“We – at least I – felt nervous today,” Bates said. “We (still) felt compelled to skate well. The lack of maybe the Hubbell-Donohue back and forth did not mitigate the specialness today.”

Knierim, 31, and Frazier, 30, have similar longevity at nationals, even if they did not team up until 2020, taking the U.S. title in their first season together.

Knierim skated at seven nationals with her husband, Chris, winning three titles, Frazier at seven with Haven Denney, winning once.

Knierim and Frazier had expected to retire after last season, when they missed nationals because Frazier contracted Covid but went on to place sixth at the Olympics and unexpectedly became the first U.S. team to win a pairs’ world title since 1979. Their experiences on the Stars on Ice Tour led them to reconsider.

“It made sense on our timeline to move on,” Knierim told me in September. “We had done everything we could in two years.

“Yet it felt like it could be sad or disappointing to end a really talented career together so soon. Being on tour had opened our eyes to how in synch and unified we were on the ice. So there was a little bit of curiosity, a feeling of ‘What else are we capable of?’”

Their personal circumstances have changed during the course of this season. Chris Knierim starts work Thursday as skating director of a rink in the Chicago suburbs, and the Knierims recently bought a house in that area.

Knierim and Frazier have been training at a rink in Irvine, California. Should they decide to continue as competitors after this season, it would almost certainly entail a move to Chicago for Frazier.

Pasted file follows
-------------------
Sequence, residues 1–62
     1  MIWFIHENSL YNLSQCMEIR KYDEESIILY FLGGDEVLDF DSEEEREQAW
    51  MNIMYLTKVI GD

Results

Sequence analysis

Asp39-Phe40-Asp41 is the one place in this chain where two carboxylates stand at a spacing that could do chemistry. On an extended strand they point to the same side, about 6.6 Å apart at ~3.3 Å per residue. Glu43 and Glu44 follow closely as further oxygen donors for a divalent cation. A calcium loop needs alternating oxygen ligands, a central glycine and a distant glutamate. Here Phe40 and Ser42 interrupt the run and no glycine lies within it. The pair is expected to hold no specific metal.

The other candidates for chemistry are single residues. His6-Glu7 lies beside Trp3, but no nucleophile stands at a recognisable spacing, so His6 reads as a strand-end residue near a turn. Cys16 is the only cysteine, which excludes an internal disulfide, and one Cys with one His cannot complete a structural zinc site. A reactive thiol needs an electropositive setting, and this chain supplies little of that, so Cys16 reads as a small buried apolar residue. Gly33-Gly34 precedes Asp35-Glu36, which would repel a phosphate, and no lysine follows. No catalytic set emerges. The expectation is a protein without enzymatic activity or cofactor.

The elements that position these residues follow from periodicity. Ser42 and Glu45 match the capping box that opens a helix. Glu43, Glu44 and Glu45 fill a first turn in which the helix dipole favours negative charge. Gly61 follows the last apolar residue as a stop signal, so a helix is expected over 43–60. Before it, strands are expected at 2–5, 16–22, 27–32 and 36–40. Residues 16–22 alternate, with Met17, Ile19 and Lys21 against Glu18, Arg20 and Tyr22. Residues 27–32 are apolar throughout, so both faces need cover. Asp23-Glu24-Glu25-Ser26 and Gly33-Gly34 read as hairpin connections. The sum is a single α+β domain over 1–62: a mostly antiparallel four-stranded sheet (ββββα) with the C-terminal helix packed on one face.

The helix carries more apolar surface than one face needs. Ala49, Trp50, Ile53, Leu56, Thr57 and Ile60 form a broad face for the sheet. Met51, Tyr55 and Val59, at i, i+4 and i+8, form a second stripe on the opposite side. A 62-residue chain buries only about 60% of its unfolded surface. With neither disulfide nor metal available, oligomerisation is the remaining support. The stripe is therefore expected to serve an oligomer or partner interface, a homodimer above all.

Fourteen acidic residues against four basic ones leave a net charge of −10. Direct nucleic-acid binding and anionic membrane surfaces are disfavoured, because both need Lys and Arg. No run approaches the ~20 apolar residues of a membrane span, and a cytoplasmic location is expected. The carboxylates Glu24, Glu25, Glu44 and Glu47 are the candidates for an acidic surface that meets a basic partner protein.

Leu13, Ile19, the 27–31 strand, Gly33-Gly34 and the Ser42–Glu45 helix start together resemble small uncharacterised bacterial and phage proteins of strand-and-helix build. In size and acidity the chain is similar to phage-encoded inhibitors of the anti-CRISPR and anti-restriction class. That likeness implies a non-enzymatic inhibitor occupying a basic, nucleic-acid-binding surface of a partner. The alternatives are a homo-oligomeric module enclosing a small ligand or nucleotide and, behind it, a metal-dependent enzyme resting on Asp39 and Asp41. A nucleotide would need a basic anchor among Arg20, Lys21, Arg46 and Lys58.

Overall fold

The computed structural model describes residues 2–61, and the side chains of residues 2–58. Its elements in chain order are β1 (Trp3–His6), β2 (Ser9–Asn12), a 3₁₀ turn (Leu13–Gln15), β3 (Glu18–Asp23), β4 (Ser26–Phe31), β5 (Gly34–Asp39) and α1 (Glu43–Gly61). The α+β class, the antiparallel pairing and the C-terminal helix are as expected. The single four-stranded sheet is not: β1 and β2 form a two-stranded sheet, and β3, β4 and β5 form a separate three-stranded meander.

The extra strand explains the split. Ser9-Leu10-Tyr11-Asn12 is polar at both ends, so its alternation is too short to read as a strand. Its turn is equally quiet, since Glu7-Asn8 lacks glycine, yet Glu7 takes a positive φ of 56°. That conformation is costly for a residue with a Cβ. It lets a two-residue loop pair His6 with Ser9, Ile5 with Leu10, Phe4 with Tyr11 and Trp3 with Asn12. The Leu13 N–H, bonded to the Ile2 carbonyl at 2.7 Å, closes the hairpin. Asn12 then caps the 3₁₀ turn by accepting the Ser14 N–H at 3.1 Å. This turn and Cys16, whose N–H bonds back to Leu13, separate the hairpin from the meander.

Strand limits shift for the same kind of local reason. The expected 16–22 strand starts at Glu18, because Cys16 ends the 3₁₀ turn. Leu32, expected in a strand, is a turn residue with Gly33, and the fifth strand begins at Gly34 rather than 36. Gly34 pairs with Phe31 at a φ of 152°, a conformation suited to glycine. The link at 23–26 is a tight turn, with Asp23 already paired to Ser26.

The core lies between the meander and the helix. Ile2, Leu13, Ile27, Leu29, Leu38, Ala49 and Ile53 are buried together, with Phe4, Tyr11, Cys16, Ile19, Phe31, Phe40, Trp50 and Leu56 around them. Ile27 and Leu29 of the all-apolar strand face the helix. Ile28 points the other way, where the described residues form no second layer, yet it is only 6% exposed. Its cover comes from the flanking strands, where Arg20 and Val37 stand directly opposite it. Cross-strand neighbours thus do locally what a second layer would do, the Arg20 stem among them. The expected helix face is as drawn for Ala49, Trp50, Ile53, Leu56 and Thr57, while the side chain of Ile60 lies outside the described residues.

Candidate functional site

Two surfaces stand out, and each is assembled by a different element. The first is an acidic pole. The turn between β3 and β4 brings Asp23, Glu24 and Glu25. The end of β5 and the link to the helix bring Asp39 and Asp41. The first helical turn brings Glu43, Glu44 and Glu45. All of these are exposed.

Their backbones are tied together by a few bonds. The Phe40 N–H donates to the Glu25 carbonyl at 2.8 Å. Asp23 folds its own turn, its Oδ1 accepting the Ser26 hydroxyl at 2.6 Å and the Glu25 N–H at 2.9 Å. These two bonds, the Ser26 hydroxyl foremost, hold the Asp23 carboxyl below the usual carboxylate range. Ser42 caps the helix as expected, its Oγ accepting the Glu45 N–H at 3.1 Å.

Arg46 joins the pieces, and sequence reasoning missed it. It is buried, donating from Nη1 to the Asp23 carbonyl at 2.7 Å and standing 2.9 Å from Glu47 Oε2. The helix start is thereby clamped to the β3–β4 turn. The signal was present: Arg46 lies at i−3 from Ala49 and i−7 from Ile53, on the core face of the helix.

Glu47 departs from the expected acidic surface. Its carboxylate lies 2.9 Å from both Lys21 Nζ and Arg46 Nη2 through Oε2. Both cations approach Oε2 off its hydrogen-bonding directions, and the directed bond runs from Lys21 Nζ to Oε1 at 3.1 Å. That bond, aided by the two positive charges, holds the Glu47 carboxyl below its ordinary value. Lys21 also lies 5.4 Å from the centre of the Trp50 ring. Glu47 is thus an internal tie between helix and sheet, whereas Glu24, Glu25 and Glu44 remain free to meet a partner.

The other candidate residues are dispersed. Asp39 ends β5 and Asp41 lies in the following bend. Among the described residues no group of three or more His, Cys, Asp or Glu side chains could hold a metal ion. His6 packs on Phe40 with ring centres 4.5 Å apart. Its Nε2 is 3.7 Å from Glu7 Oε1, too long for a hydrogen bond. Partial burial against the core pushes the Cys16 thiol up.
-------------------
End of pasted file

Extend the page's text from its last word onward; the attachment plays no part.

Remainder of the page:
Knierim insisted her house purchase was not an indication of what her plans with Frazier are.

“Right now, we are staying the course, based in Irvine through the world championships (in late March),” Knierim said before winning her fifth U.S. title.

“We do have some changes ahead of us. But I’d hate to jump ahead and say yes or no to next season. We learned that last season.”

Frazier spoke Saturday of reflecting throughout this season about their personal journeys and their partnership, the kind of reflection that often accompanies doing something for the last time.

“We just are trying to soak it in as if it could be your last, but the future is unknown,” Frazier said.

Knierim and Frazier prevailed Saturday with the largest winning margin, 31.11 points, in the 18 years that the International Judging System has been used at nationals.

They saved several points due to her quick thinking.

After Frazier put his hand to the ice on the triple toe loop that was to open a triple-double-double-jump combination, Knierim saw that her partner was going to follow with only a single jump and followed suit. It led to the delightful oddity of side-by-side single toe loops.

Nicely executed ones, too.

Philip Hersh, who has covered figure skating at every Winter Olympics since 1980, is a special contributor to NBCSports.com.